Legacy Systems: Is It Time to Move On?

July 5, 2017
Cloud, Hybrid IT, IT Services

Breaking up is hard to do – especially if it’s a matter of breaking up with your legacy systems. Most organizations recognize the need for change. They want to reap the benefits of cloud services and trends such as mobility and Big Data. Unfortunately, their legacy systems aren’t compatible.

Perhaps their current systems have difficulty scaling, or their functionality hasn’t kept pace with customer demands. Many companies have even contemplated outsourcing their IT services or collocating their equipment in an off-site facility.

Others have made the first steps away from their legacy systems by trying out newer technologies, perhaps setting up a private cloud for test and development or migrating non-critical workloads to a public cloud. Nonetheless, they’re still dealing with high monthly IT bills because of maintaining their legacy systems.

The problem usually traces back to the heavy investment made in these systems for so long. Customizing or adding on to them over the years has also likely made them overly complex and almost impossible to duplicate with a different kind of solution. 

Assess the Value of Legacy Systems

There is no easy answer, but assessing the short- and long-term value of legacy technologies can help determine if and when it’s time to move away from your current IT setup. Among the questions to ask:

  • What are the functions of these systems?  Could they be handled more efficiently or cost effectively by newer technologies whether in terms of replacement systems or outsourcing to a third-party company?
  • What else could or should your systems do? Can they help your organization respond quickly to changing market conditions or implement new capabilities? Can they meet new business requirements and customer/end-user needs? 
  • How do these systems interact with other systems within your organization? Are they dependent on one another? Is one slowing the other down?
  • How vulnerable are your systems to cyber threats?  
  • Is your company at risk of regulatory non-compliance because of technology deficiencies?
  • What could your staff do if they didn’t have to maintain a legacy system? How much time do they spend on updates, customization or quick fixes?  
  • If your current staff left, could you find people with the right expertise to continue maintaining your systems? 
  • How much downtime do these systems cause and what is the impact? Beyond lost revenue and production time, consider dissatisfied customers, missed deadlines, compliance penalties and reputation.

Bring in IT Experts

Use IT consultants to help build your business case for moving away from legacy systems. Look for those offering services such as strategic planning; business and technology alignment assessments; application inventory assessment, enhancement and consolidation strategies; and legacy environment compliance audits. Make it clear you want options, each with the pros and cons clearly noted.

Seek C-Suite Support

A number of studies show that the C-suite is more receptive to legacy replacement projects than ever before. Many are even pushing their organizations to undergo a digital transformation. The need for innovation is a key driver. Without the ability to leverage new technologies, companies can’t innovate. If they can’t innovate, they can’t be competitive. Include those points are in your business case for adopting new technologies and systems.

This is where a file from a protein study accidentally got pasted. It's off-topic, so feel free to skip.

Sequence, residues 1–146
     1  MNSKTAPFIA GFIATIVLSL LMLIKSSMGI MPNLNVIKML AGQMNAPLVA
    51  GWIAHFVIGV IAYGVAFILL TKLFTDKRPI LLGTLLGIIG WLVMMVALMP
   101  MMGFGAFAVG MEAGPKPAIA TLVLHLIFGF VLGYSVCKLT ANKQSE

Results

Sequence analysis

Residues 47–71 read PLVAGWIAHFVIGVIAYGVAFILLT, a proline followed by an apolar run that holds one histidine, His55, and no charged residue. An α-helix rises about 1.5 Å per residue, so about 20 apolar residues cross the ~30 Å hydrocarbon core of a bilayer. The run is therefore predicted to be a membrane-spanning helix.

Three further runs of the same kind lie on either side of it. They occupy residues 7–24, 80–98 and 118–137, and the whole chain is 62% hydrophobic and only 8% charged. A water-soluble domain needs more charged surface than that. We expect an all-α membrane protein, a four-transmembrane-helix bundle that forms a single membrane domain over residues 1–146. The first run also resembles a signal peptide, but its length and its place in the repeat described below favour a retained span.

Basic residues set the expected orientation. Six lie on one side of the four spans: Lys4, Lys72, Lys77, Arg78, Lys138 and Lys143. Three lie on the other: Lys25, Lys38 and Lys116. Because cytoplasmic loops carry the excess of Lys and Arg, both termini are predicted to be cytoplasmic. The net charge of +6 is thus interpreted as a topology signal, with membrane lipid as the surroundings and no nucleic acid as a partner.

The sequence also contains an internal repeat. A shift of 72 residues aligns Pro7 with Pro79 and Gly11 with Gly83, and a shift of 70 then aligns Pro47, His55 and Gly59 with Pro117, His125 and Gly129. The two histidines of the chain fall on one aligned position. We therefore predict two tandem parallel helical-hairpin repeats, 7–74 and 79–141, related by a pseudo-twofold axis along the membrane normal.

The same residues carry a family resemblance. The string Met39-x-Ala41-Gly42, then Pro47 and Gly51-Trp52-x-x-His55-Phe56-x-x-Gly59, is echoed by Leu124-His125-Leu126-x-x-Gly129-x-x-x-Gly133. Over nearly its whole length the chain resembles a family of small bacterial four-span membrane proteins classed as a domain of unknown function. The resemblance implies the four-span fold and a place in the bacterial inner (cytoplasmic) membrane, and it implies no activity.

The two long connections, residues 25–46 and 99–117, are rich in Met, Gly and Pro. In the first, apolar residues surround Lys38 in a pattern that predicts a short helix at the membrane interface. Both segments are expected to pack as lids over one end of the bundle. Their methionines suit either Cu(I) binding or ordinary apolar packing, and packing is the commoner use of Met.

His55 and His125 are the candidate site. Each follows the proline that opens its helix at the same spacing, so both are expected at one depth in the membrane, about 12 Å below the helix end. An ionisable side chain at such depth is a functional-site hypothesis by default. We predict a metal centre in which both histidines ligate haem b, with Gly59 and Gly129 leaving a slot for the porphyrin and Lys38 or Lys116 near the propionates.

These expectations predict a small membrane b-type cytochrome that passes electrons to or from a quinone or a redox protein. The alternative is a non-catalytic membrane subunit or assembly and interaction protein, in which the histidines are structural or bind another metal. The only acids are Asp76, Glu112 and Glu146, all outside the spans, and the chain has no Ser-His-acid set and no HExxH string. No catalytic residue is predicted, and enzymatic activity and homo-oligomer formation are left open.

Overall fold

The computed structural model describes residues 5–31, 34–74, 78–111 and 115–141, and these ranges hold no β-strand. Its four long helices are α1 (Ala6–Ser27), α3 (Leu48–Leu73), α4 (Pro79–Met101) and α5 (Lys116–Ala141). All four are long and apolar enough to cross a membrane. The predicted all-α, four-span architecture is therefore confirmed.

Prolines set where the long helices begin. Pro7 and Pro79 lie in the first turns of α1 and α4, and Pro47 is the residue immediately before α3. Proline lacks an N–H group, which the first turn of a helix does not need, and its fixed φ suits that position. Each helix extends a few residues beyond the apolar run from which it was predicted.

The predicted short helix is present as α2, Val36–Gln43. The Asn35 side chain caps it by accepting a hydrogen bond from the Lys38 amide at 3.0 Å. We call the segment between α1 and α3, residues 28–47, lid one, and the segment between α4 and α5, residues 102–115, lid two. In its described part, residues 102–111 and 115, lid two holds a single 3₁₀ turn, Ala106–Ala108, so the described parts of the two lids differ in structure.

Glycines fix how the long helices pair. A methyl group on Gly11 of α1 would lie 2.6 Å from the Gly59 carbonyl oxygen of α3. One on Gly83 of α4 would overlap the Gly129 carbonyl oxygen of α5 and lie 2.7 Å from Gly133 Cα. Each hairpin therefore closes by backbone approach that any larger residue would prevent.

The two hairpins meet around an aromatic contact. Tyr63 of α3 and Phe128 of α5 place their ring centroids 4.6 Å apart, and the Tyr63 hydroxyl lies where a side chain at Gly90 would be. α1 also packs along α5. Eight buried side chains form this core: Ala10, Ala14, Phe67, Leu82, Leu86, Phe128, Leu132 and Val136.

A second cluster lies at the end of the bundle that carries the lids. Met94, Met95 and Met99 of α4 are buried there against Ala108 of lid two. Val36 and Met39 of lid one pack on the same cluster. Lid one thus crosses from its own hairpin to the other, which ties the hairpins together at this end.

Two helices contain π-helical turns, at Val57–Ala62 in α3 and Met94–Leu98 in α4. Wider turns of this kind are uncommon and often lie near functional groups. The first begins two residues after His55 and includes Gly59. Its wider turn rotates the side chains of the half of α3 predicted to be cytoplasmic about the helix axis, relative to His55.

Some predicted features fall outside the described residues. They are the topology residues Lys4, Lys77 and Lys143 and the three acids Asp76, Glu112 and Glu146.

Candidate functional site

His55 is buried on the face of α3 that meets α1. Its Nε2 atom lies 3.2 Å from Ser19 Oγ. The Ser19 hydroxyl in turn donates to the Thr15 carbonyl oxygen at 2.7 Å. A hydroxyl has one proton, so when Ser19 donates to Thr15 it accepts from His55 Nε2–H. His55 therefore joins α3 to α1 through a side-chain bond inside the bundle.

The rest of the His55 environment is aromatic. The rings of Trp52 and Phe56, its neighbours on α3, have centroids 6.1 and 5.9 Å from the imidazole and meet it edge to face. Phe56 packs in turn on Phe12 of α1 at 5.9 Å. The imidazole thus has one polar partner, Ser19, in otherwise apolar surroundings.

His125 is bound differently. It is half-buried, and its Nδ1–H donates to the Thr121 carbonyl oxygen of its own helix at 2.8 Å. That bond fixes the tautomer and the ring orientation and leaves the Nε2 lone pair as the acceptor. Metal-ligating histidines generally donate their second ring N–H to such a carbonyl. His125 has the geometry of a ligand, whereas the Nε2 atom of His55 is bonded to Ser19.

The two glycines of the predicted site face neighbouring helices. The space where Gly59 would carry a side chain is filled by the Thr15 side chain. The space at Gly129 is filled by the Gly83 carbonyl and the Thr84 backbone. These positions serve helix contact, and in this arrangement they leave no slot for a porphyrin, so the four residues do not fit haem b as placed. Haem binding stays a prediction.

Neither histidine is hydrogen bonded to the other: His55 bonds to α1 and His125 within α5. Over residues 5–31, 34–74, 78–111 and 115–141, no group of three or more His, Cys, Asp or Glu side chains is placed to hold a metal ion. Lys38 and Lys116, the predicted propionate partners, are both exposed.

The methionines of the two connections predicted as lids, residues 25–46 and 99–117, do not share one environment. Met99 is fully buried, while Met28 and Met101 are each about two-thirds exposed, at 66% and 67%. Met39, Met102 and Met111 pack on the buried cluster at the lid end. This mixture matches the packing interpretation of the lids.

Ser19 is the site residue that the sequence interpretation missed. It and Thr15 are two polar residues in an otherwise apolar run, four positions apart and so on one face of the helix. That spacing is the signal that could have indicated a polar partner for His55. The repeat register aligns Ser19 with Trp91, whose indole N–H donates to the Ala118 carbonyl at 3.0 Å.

Prepare for Big Changes

You’ll reap benefits from the move away from legacy systems. That doesn’t mean it will be easy. Be ready for the repercussions.

  • There may be business disruption. What will any downtime cost?  
  • People will need time to adjust. Training for some, if not all, may be required. Change management initiatives will be in order — sooner than later to help make everyone involved more receptive to the changes.
  • Business processes may need to be modified. You’ll need to work with representatives from all business units and/or departments to map out technology dependencies and determine what needs to be changed and how.

Start Moving Now: How to Get Rid of Legacy Systems

Outsourcing some of your IT operations and assets will help your organization reduce its reliance on legacy technologies. If you aren’t employing a hybrid IT strategy, which entails a mix of on- and off-premise IT environments, start now. If you have made an initial foray into hybrid IT, keep going.

  • Take advantage of timing. If your servers are nearing the end of the life cycle, this may be a good time to get out of the server hardware management business.
  • Plan pilot projects, whether relocating some assets to a third-party data center or moving a few applications to a cloud service. Evaluate the costs and benefits. Determine how this would play out if more of your assets or applications moved.
  • If your current systems can’t handle new business requirements or customer demands, assess how cloud services could help. In many cases, cloud technologies can handle the requirements without interacting with your legacy systems. Work with a cloud service provider who can tailor solutions to meet your specific needs.
  • Think “what if?” Evaluate options for replacing legacy systems, whether with a new internal system, combining a new system with outsourced services, or outsourcing everything entirely.

Nothing lasts forever, including legacy technologies. At some point, your organization will have to change how it handles its IT services and the technologies and equipment that support them. There’s no better time than the present to get started.